I’m standing with my back against the closed doors as a train passes by and turbulence rattles them violently in their housings. The ten or so of us standing in the doorway are doing what we can to retain our balance and some personal space as the movement clatters us into each other.
The only empty seats in the carriage have bags or feet on them.
The man in the fitted suit to my right is openly watching pornography on his phone. The woman stood the other side of him is yapping into hers, punctuating the conversation with hand movements that are far too broad for the confined space. In front of them a huddle of school children have their heads together, they’re peering at each other’s phones as they text one another. Against the opposite door a dark haired man is nodding along to his music, his eyes closed against the carriage. The train jerks as it slows for the next station causing his eyes to flick open and realisation to wash over his face. For a few seconds there he was somewhere else. Next to him are two Japanese students who’re shuffling and jostling as they prepare to leave at the next stop. The short girl to my left has a cold and the red, runny nose that goes with it. After sneezing almost continually between the last two stations (7 sneezes), she coughs violently onto my shoulder and then takes a piece of balled-up wet toilet tissue from her pocket. It crumbles in her hands as she searches for a dry patch. Having found one, she spits the contents of her throat into it.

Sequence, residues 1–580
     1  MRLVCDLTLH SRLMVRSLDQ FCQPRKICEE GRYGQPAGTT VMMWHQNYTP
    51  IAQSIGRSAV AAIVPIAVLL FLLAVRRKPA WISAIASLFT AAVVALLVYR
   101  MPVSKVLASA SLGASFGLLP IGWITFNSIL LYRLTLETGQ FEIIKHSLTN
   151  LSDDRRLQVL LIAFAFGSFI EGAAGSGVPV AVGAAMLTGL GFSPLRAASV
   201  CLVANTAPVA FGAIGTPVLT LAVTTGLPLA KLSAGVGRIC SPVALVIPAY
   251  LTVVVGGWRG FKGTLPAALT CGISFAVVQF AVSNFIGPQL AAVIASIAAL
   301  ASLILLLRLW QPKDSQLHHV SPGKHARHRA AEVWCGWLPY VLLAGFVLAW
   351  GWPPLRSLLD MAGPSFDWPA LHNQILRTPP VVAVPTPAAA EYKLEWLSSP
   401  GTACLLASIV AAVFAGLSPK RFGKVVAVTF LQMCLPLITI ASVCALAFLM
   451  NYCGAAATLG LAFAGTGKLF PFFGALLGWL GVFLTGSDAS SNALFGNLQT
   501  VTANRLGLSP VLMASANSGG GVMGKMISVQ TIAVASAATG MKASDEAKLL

The train comes to an abrupt stop and we all lurch into each other but make sure we avoid eye contact.
There are three informational stickers above the opposite doors. One points me to the toilet, another signposts the nearest fire extinguisher. A third sticker, obviously added by someone other than the train company, reads: ‘THERE IS NO EXIT’.